Rupa & the April Fishes, in concert
Occasionally I enter drawings to win free tickets to stuff over at Nippertown, but I never win. So my expectations were not exactly high when I entered last week’s drawing to win tickets to see the band Rupa & the April Fishes on Saturday at the Sanctuary for Independent Media.
I knew little about the band, other than that they play world music (a label I find so vague and generic as to be almost meaningless), but their instrumentation — trumpet, cello, stand-up bass, guitar and drums — made them sound lively and fun, and I’m always interested in checking out something a little different. But then I went hiking in the rain, and forgot all about Rupa & the April Fishes. When I got home from the hike, my attitude was something along the lines of “I think I will take a hot shower and lie on my couch and watch movies for the rest of my life.” Then I checked my email, saw that I’d won free tickets to the concert, and off I went.
I drank some coffee before the concert, to rouse myself, but once the music started I had no trouble staying awake. The San Francisco-based Rupa & the April Fishes play a blend of reggae, ska, rock, pop, Latin music, zydeco and European folk music. The title of one of their songs, “Electric Gumbo Radio,” provides a pretty apt description of what they’re all about as their music mixes styles and languages — French, Spanish and English. The band is also proudly political, in the tradition of left-wing bands such as Rage Against the Machine, The Clash, Public Enemy and the MC5. But those bands were fueled mainly by anger, while Rupa & the April Fishes draws upon more positive emotions, such as hope and love, and their music is more upbeat as a result. For instance, their Occupy-inspired song “I Don’t Want to Get Arrested” is catchy and raucous, more likely to inspire dancing than clenched-fists of rage. Which isn’t to say that Rupa & the April Fishes makes light of injustice. It’s just that their approach is a more joyous and celebratory one.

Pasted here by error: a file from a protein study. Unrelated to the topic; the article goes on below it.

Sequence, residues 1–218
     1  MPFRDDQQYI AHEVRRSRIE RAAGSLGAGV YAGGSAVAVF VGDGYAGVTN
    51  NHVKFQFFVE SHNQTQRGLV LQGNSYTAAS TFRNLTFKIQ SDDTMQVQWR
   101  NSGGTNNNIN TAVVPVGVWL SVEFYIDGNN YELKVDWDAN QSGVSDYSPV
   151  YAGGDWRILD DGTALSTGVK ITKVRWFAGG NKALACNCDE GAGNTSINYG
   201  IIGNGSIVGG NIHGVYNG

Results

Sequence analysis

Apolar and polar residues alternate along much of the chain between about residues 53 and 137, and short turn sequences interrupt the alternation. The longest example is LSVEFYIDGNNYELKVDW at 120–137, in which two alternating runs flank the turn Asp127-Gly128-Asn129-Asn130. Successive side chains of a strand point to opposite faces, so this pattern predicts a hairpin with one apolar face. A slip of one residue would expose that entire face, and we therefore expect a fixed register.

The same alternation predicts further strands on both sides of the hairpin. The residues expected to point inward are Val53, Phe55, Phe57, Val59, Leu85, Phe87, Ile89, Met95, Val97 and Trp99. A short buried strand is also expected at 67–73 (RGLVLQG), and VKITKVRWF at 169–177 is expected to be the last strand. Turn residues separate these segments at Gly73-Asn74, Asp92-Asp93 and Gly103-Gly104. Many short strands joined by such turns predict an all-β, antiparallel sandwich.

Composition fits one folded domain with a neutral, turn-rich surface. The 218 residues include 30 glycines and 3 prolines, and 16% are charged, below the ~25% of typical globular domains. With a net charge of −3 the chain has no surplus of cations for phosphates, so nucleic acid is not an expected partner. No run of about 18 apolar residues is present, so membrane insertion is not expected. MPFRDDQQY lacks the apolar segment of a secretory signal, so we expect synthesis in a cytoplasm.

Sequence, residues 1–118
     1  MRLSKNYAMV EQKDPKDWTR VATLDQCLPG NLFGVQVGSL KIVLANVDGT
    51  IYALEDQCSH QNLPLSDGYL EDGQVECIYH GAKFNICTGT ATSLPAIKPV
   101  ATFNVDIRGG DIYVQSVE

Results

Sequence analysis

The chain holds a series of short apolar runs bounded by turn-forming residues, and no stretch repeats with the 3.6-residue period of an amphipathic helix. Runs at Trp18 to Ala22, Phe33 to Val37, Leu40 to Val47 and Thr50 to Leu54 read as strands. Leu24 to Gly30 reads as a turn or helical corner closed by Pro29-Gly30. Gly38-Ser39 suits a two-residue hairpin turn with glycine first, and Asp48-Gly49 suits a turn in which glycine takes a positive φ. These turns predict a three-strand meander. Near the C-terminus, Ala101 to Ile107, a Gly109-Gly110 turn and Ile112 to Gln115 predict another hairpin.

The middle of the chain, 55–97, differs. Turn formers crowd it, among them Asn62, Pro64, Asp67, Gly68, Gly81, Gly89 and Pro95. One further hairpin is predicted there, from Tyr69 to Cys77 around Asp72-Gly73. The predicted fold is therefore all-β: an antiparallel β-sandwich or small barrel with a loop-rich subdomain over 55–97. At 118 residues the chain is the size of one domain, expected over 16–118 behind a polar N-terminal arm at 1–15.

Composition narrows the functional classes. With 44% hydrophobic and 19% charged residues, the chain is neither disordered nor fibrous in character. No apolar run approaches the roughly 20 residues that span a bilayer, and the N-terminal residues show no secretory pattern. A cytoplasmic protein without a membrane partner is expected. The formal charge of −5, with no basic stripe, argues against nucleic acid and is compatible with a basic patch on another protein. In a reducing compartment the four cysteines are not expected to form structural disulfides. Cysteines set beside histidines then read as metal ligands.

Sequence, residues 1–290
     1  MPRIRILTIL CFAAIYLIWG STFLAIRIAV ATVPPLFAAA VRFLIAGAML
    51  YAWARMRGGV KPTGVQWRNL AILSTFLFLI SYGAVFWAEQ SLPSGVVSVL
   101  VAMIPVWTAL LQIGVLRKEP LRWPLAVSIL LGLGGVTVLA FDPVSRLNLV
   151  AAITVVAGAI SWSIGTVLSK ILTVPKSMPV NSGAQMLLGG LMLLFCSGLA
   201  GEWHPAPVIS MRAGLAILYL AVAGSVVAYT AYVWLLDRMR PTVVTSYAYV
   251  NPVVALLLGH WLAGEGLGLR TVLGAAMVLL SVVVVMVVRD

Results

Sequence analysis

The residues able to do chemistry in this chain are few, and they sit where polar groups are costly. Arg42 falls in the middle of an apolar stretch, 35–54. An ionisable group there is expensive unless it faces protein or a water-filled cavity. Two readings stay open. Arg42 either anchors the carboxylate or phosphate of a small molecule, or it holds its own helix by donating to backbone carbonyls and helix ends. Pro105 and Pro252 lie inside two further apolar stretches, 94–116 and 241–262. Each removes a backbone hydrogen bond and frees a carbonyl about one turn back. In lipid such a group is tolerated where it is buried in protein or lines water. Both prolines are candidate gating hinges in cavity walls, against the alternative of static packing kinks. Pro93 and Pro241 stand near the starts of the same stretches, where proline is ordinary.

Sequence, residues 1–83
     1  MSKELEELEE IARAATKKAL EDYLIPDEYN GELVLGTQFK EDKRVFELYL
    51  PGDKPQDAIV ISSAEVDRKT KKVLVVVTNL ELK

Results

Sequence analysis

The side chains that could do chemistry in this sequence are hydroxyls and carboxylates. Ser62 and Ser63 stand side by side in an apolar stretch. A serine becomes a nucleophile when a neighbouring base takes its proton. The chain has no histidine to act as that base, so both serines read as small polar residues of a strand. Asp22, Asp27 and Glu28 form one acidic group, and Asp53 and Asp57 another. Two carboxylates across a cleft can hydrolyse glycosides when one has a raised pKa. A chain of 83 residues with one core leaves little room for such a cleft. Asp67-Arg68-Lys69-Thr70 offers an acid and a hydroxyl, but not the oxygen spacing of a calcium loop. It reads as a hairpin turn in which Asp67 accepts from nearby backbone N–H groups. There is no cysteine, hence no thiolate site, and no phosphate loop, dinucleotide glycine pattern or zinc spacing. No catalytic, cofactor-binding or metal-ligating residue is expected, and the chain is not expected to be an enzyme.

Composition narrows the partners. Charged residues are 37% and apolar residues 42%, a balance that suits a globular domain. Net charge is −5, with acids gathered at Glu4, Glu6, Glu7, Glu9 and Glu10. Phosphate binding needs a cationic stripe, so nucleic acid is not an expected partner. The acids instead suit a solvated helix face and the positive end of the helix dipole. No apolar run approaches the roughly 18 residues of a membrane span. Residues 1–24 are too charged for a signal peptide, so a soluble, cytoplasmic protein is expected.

The band is fronted by a charismatic woman named Rupa Marya, who works as a doctor when she’s not performing. It seems likely that Marya’s experiences treating people from all walks of life — during the show, she talked about her work with patients with traumatic brain injuries — have helped shaped the band’s compassionate world view, which emphasizes alleviating the pain and suffering of people around the globe. But Rupa & the April Fishes are not preachy. They make message music, but it’s not strident or overly cynical, and their primary goal seems to be lifting people’s spirits while making them think (and perhaps take action).
And on the basis of their show at the Sanctuary for Independent Media, I think it’s safe to say that they succeed.
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